Nursing diagnosis – DYSFUNCTIONAL GASTROINTESTINAL MOTILITY

DYSFUNCTIONAL  GASTROINTESTINAL

MOTILITY

DEFINITION

Increased, decreased, ineffective, or lack of peristaltic activity within

the gastrointestinal system

DEFINING CHARACTERISTICS

• Nausea

• Abdominal pain

• Vomiting

• Absence of flatus

• Abdominal distension

• Hard, dry stool

• Change in bowel sounds

• Difficulty passing stool

(e.g., absent, hypoactive,
hyperactive)

• Diarrhea
• Abdominal cramping

• Increased gastric residual

• Accelerated gastric emptying

RELATED FACTORS

• Anxiety

• Malnutrition

• Surgery

• Food intolerance (e.g., lactose,

• Immobility

gluten)

• Pharmacological agents (e.g.,

• Ingestion of contaminants

narcotics, laxatives, antibiotics,
anesthesia)

(e.g., food, water)
• Enteral feedings

• Aging

• Inactive lifestyle

ASSESSMENT FOCUS    (Refer  to  comprehensive  assessment  parameters.)

• Elimination

• Fluid and electrolytes

• Physical regulation

EXPECTED OUTCOMES

The patient will

• Verbalize strategies to promote healthy bowel function.

• Acknowledge the importance of seeking medical help for persistent

alteration in GI motility.

• Not experience any fluid and electrolyte imbalance as a result of

altered motility.

• Understand the need for early ambulation following abdominal

surgery.

SUGGESTED NOC OUTCOMES

Bowel Elimination, Electrolyte and Acid–Base Balance, Gastrointesti-

nal Function

INTERVENTIONS AND RATIONALES

Determine: Assess abdomen including auscultation in all four quad-

rants noting character and frequency to determine increased or

decreased motility.

Assess current manifestations of altered GI motility to help iden-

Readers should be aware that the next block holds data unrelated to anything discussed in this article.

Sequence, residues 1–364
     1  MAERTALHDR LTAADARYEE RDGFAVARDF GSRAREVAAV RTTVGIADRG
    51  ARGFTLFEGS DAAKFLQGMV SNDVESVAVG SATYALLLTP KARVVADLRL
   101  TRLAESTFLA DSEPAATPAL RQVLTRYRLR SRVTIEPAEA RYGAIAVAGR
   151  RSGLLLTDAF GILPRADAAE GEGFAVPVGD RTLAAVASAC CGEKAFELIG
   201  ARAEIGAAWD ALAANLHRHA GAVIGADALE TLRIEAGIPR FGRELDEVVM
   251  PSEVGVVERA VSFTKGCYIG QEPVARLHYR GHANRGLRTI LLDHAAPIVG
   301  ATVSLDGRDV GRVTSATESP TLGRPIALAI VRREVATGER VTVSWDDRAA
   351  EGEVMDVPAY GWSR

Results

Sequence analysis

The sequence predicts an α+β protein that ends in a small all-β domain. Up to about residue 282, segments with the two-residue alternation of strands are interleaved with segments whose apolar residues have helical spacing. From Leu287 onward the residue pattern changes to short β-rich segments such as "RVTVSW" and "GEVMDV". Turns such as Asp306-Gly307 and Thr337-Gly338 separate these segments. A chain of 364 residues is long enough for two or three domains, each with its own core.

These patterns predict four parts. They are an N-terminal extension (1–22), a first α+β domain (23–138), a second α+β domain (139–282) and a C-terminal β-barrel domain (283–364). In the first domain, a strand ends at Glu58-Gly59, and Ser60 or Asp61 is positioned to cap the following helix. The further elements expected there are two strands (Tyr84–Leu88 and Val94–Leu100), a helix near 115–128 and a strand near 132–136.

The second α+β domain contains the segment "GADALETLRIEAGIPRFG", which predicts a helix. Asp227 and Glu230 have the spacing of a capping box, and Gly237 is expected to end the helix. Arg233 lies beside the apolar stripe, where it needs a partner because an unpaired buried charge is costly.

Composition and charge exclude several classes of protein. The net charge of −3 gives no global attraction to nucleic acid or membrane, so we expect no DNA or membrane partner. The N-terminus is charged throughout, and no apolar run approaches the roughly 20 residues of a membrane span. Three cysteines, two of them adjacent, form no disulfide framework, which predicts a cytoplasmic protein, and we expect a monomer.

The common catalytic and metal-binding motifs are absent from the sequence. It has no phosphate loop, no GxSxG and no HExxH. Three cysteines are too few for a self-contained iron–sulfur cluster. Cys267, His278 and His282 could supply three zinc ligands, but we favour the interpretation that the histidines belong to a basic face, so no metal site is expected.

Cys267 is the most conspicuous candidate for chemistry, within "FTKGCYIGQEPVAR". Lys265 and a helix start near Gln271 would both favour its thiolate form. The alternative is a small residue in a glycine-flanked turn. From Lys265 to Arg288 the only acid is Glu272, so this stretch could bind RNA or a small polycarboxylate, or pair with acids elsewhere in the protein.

tify the cause of the alteration and guide development of nursing

interventions.

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Monitor intake and output to identify need for restoration of fluid

balance.

Perform: Collect and evaluate laboratory electrolyte specimens. Some

altered motility states may require electrolyte replacement therapy.

Insert nasogastric tube as prescribed for patients with absent

bowel sounds to relieve the pressures caused by accumulation of air

and fluid.

Inform: Educate patients regarding importance of maintaining diet

high in natural fiber and adequate fluid intake. Fiber increases stool

bulk and softens the stool. Fluid will promote normal bowel elimi-

nation pattern.

Attend: Encourage activities such as walking as tolerated for patients

with decreased GI motility. Increased activity will stimulate peristal-

sis and facilitate elimination.

Manage: Coordinate with dietitian and other healthcare professionals

as needed to meet the unique needs of each individual patient.

SUGGESTED NIC INTERVENTIONS

Fluid/Electrolyte Management; Gastrointestinal Intubation; Tube

Care: Gastrointestinal

Reference

Sabol, V. K., & Carlson, K. K. (2007). Diarrhea: Applying research to bedside

practice. AACN Advanced Critical Care, 18, 32–44.

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